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Representing Convective Organization in Prediction Models by a Hybrid Strategy

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  • 1 National Center for Atmospheric Research, Boulder, Colorado
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Abstract

The mesoscale organization of precipitating convection is highly relevant to next-generation global numerical weather prediction models, which will have an intermediate horizontal resolution (grid spacing about 10 km). A primary issue is how to represent dynamical mechanisms that are conspicuously absent from contemporary convective parameterizations. A hybrid parameterization of mesoscale convection is developed, consisting of convective parameterization and explicit convectively driven circulations.

This kind of problem is addressed for warm-season convection over the continental United States, although it is argued to have more general application. A hierarchical strategy is adopted: cloud-system-resolving model simulations represent the mesoscale dynamics of convective organization explicitly and intermediate resolution simulations involve the hybrid approach. Numerically simulated systems are physically interpreted by a mechanistic dynamical model of organized propagating convection. This model is a formal basis for approximating mesoscale convective organization (stratiform heating and mesoscale downdraft) by a first-baroclinic heating couplet.

The hybrid strategy is implemented using a predictor–corrector strategy. Explicit dynamics is the predictor and the first-baroclinic heating couplet the corrector. The corrector strengthens the systematically weak mesoscale downdrafts that occur at intermediate resolution. When introduced to the Betts–Miller–Janjic convective parameterization, this new hybrid approach represents the propagation and dynamical structure of organized precipitating systems. Therefore, the predictor–corrector hybrid approach is an elementary practical framework for representing organized convection in models of intermediate resolution.

Corresponding author address: Mitchell W. Moncrieff, NCAR, P.O. Box 3000, Boulder, CO 80307. Email: moncrief@ucar.edu

Abstract

The mesoscale organization of precipitating convection is highly relevant to next-generation global numerical weather prediction models, which will have an intermediate horizontal resolution (grid spacing about 10 km). A primary issue is how to represent dynamical mechanisms that are conspicuously absent from contemporary convective parameterizations. A hybrid parameterization of mesoscale convection is developed, consisting of convective parameterization and explicit convectively driven circulations.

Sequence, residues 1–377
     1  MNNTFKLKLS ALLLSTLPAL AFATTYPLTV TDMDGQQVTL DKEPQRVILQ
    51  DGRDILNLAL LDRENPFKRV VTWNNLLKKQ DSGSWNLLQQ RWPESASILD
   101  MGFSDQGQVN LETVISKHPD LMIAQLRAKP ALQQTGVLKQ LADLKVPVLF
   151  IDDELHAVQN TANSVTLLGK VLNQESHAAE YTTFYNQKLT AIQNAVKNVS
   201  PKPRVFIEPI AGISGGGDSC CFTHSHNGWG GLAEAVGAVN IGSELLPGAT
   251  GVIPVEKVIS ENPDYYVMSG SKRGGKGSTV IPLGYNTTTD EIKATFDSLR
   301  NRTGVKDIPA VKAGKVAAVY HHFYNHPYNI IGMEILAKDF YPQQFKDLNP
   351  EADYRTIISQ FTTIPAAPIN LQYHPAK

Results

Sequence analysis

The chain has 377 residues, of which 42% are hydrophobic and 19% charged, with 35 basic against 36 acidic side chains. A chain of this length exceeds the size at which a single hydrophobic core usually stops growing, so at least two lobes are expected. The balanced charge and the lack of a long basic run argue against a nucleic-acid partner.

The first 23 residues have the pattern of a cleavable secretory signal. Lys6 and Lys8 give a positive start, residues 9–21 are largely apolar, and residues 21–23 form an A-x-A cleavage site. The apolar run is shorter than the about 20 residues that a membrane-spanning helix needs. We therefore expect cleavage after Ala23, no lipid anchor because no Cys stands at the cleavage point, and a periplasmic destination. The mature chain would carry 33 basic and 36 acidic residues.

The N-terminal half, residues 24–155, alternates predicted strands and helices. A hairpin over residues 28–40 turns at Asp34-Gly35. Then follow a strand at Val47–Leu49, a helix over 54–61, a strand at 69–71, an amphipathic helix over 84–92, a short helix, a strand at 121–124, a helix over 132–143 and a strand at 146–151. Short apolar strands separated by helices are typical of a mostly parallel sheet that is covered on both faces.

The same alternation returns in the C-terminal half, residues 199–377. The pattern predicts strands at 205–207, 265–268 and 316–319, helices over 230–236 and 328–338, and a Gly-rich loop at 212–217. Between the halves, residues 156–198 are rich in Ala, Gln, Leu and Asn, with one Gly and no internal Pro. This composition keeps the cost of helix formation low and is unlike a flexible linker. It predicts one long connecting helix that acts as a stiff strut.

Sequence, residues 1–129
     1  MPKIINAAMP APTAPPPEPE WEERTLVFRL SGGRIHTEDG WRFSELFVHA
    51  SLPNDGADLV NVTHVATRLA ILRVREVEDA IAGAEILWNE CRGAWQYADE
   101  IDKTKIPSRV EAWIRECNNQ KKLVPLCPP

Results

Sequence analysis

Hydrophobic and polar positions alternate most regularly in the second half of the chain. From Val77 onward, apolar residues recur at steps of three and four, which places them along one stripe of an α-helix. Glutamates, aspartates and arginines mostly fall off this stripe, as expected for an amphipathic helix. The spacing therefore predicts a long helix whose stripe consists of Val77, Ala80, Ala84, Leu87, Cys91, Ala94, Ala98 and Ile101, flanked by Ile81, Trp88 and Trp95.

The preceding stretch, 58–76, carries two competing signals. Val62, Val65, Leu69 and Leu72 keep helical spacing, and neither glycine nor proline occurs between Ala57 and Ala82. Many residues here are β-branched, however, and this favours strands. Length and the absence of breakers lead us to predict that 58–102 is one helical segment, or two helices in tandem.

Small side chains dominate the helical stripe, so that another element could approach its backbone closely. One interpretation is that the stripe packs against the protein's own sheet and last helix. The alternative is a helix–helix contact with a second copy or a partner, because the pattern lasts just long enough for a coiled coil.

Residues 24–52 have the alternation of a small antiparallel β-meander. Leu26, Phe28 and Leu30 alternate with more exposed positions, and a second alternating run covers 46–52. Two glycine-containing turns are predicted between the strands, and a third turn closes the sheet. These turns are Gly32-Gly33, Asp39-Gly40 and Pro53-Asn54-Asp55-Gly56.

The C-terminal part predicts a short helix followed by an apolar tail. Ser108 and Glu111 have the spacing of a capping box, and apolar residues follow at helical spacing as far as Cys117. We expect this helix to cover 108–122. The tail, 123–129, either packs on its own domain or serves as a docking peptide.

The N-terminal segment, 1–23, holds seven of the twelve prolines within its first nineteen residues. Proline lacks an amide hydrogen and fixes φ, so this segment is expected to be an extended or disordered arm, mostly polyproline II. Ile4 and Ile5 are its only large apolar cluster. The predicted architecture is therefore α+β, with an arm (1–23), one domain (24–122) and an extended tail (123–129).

This kind of problem is addressed for warm-season convection over the continental United States, although it is argued to have more general application. A hierarchical strategy is adopted: cloud-system-resolving model simulations represent the mesoscale dynamics of convective organization explicitly and intermediate resolution simulations involve the hybrid approach. Numerically simulated systems are physically interpreted by a mechanistic dynamical model of organized propagating convection. This model is a formal basis for approximating mesoscale convective organization (stratiform heating and mesoscale downdraft) by a first-baroclinic heating couplet.

The hybrid strategy is implemented using a predictor–corrector strategy. Explicit dynamics is the predictor and the first-baroclinic heating couplet the corrector. The corrector strengthens the systematically weak mesoscale downdrafts that occur at intermediate resolution. When introduced to the Betts–Miller–Janjic convective parameterization, this new hybrid approach represents the propagation and dynamical structure of organized precipitating systems. Therefore, the predictor–corrector hybrid approach is an elementary practical framework for representing organized convection in models of intermediate resolution.

Corresponding author address: Mitchell W. Moncrieff, NCAR, P.O. Box 3000, Boulder, CO 80307. Email: moncrief@ucar.edu

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